Preparing for Canada’s Next Normal

The corner of the Sparks Street Mall and O’Connor in Ottawa. Normally the busiest pedestrian corridor in the capital, with the CBC building (left) and the back of the National Press Building (right), the street was shut down and utterly deserted during the pandemic lockdown. Nabil Salah Unsplash photo

After an unprecedented summer of physical distancing and damage assessment, individuals, governments and global stakeholders are moving forward from crisis mode to planning for a post-pandemic reality. What might that inter-woven economic and geopolitical narrative look like? Former BMO Vice Chair Kevin Lynch and former CN and BMO executive Paul Deegan offer some insights.

Kevin Lynch and Paul Deegan 

The COVID-19 pandemic has not only rocked society today, it is reshaping our tomorrow—rapidly accelerating trends that will define the “next normal” for Canada and the world. 

Unless there is another wave of the virus, we are through the shutdown phase, where governments locked down economic and social activity to plank the curve and preserve the health care system. Government fiscal policies during the shutdown have been geared to three things—liquidity, liquidity, and liquidity. The shutdown, while necessary, caused the first-ever recession driven by the services sector, not the goods sector of the economy. Unlike the 2007-2009 period, which affected men particularly hard, especially in construction and manufacturing, the 2020 pandemic recession has disproportionally hit women and visible minority workers in service sector jobs. This, combined with the higher incidence of coronavirus in senior care facilities and among marginalized communities, makes COVID-19 inequality a pressing issue.   

Having successfully convinced societies of the imperative to physically distance and shut down normal day-to-day activities, we are now moving into the restart phase—the unlocking of the economy and society. This has been complex and confusing, with contradictory signals from governments and public health experts. Truly, this is the intersection of demand and supply, where firms need to rehire and spend; individuals need to return to work and consume; and trade needs to flow. And all of this is happening with lingering economic and epidemiological uncertainty and very real and very personal health and safety concerns.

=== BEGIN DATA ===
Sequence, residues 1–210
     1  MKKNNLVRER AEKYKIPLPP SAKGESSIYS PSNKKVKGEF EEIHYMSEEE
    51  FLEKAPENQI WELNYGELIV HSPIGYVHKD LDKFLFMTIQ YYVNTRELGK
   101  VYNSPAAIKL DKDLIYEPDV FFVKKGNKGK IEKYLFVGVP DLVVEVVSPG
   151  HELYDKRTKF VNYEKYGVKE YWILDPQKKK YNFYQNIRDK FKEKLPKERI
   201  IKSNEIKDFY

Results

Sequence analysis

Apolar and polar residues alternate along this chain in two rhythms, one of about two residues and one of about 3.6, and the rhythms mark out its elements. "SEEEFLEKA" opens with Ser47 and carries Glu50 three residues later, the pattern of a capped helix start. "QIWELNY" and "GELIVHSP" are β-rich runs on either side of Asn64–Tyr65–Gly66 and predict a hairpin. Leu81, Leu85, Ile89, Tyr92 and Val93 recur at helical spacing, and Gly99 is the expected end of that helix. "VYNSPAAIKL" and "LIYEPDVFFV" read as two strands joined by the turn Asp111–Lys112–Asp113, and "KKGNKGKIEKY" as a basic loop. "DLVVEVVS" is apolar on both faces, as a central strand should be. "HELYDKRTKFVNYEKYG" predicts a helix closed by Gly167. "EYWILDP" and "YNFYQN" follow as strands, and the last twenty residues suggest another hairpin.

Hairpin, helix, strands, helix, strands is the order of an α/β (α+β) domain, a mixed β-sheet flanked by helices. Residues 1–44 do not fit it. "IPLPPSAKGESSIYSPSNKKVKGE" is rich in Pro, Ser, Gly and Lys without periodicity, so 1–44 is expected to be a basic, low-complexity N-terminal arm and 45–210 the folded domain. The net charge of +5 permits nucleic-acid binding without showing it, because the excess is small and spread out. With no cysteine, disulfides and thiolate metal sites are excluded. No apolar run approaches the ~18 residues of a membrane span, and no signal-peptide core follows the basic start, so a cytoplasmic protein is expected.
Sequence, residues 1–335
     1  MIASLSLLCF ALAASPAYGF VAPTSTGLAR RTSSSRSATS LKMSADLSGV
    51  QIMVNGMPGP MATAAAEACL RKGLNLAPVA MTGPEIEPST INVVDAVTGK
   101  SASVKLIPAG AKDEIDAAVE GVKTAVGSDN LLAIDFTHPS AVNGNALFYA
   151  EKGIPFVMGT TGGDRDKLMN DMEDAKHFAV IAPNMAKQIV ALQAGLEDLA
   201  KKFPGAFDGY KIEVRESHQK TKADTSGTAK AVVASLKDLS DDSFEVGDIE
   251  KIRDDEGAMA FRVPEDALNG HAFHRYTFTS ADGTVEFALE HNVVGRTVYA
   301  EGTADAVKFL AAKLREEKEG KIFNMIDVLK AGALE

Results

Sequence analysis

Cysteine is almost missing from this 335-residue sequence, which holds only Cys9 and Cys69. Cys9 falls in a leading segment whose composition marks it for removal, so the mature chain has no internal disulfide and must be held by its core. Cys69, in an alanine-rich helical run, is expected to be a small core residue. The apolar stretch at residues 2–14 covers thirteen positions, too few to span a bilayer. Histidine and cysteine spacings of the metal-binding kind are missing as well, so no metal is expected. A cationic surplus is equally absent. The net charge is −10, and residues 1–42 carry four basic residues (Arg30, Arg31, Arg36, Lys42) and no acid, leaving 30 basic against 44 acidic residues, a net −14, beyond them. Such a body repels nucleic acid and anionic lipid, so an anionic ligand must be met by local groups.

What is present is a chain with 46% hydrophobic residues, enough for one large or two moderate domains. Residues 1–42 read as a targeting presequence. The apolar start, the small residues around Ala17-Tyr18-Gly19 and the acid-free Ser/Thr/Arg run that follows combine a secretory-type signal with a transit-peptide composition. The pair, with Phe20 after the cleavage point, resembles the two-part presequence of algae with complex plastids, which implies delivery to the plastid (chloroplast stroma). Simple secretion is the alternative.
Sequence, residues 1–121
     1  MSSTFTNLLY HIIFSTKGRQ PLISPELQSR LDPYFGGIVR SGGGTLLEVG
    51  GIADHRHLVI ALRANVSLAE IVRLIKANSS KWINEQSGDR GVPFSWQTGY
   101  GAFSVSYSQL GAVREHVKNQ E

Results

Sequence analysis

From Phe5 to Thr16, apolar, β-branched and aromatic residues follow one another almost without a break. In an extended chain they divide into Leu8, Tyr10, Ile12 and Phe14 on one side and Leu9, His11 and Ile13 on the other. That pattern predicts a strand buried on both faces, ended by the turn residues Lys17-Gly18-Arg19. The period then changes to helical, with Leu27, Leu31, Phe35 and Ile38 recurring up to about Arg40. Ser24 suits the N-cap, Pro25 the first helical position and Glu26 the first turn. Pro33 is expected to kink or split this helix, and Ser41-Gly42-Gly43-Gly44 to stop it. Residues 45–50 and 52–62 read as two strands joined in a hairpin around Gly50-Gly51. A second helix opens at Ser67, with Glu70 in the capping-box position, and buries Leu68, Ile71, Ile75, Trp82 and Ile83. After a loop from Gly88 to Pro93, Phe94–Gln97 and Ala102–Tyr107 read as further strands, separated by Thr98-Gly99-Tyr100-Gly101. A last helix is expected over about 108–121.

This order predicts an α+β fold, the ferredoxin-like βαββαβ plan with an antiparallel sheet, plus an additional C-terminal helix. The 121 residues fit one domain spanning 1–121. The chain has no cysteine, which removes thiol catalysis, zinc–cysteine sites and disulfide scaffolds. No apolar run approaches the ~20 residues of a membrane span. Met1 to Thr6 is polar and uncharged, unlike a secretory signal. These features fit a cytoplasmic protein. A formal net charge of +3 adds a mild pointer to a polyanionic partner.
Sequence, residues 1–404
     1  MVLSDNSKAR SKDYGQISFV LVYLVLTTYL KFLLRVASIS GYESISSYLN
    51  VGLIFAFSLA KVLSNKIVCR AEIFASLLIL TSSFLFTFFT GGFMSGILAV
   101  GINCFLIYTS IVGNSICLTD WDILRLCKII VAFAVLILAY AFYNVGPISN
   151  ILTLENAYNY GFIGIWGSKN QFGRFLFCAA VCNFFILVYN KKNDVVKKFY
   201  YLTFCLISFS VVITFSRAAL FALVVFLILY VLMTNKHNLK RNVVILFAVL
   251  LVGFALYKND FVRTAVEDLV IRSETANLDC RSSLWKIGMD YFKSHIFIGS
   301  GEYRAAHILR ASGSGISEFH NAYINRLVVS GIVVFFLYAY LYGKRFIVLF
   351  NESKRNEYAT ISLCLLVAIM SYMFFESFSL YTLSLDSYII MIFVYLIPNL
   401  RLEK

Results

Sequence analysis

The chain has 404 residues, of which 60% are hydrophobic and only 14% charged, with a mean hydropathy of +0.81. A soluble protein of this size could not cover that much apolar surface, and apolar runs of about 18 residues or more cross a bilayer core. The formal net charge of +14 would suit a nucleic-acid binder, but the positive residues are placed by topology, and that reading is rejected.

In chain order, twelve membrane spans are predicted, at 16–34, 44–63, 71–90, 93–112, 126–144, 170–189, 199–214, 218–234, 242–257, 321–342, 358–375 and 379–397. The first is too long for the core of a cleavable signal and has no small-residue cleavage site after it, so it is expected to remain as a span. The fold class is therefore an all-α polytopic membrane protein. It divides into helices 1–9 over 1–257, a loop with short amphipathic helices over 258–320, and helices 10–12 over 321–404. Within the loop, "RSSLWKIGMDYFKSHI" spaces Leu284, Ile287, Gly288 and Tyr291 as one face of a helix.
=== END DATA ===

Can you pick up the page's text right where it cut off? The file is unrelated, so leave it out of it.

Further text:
While the economic implications of all this are easy to see but difficult to quantify, three things are only too clear. First, the starting point is a global economy in the sharpest recession since the 1930s. Second, the timing and vigour of the recovery will depend on the duration of the pandemic, the state of business and consumer confidence, and the nature of government support and stimulus measures yet to come. Third, the recovery will be uneven and the economy will be scarred with record bankruptcies and lost jobs for some time to come. 

And perhaps the most challenging phase is yet to come, the “next normal”, with the complex rebooting of the economies and societies post-pandemic. Few crises change either everything or nothing, and the COVID-19 pandemic will be no different. So, what might the “known unknowns” of lasting change in the next normal include? 

A return to the old normal is not in the cards—there will be fundamental and lasting impacts from the pandemic. These aftershocks include: a disruption of global trade and investment patterns; a debt hangover of historic proportions; a fundamental redesign of work and the workplace (including education and the classroom) with highly-intensified digitization; a recognition that a resilient health care system is both a social asset and an economic imperative; and geopolitics on steroids, with impacts touching all countries.